Several diseases can interfere with the normal functioning of the colon. These diseases can have various effects and are traditionally classified as benign (non-cancerous) or malignant (cancerous) and can cause various symptoms including bleeding, infection, and perforation.
In some cases, doctors treat the disease by removing a segment of the colon. Given that the average human has 8-10 feet of small bowel and 3-5 feet of colon, removal of a segment will generally not effect normal functioning of the colon.
In Crohn’s disease, inflammation causes cells in the affected areas of your intestine to secrete large amounts of water and salt. Because the colon can't absorb this excess fluid, you develop diarrhea. Altered intestinal contractions also can contribute to loose stools. Diarrhea can range from mild to severe.
Diarrhea can also be a symptom of ulcerative colitis. However, patients with ulcerative colitis tend to experience bloody diarrhea and also something called tenesmus. Tenesmus is the sensation of having to move ones’ bowels.
Food moving through your digestive tract can cause inflamed tissue to bleed, and your bowel may also bleed on its own. You might notice bright red blood in the toilet bowl or darker blood mixed with your stool. Should this occur, you must notify your physician.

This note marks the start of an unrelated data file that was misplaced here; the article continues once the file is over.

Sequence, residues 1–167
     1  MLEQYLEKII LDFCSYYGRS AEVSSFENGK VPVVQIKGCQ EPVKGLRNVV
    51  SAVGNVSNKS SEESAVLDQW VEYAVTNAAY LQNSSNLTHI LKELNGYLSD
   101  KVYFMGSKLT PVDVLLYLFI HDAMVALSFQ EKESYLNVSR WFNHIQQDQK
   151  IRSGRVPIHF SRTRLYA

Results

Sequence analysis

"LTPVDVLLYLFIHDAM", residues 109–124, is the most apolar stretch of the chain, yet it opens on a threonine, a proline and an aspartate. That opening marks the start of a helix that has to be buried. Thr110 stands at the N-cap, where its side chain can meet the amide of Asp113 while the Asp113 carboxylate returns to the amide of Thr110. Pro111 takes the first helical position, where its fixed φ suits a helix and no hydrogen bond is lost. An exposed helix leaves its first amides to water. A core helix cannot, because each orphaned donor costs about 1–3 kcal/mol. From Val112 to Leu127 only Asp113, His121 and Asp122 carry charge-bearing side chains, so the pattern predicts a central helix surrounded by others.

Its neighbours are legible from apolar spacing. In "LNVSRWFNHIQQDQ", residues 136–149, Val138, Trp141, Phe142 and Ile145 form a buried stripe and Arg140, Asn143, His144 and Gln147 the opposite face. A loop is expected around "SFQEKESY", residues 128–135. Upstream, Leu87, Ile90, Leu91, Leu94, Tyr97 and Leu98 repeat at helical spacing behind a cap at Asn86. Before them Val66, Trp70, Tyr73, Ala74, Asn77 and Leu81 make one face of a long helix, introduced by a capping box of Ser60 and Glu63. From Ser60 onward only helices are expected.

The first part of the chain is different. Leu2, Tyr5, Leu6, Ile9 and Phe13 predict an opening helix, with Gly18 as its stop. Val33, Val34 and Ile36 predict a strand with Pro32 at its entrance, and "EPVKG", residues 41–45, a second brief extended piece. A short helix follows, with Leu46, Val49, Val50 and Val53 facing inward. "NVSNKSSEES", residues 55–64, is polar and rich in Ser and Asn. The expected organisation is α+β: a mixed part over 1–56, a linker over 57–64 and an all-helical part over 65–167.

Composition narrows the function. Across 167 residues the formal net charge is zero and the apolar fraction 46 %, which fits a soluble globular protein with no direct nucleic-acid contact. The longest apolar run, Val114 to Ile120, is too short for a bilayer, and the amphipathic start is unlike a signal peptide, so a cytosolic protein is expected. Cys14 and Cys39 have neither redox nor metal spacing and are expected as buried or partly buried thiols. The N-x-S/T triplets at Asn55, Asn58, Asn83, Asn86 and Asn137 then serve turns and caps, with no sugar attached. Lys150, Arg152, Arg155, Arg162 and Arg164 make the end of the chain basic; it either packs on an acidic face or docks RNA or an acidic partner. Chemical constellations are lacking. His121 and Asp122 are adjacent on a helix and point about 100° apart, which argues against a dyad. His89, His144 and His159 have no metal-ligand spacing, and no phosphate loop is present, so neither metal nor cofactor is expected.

The risks of any surgery must be weighed against the risks associated with disease state requiring the intervention.
In the case of ulcerative colitis, the risks of ongoing inflammation, infection and subsequent colon cancer are sometimes greater than the risks described below and surgery is thus indicated.
Major risks of laparoscopic proctocolectomy with ileoanal J pouch for ulcerative colitis can include but are not limited to:
Information on this site should not be used as a substitute for talking with your doctor. Always talk with your doctor about diagnosis and treatment information.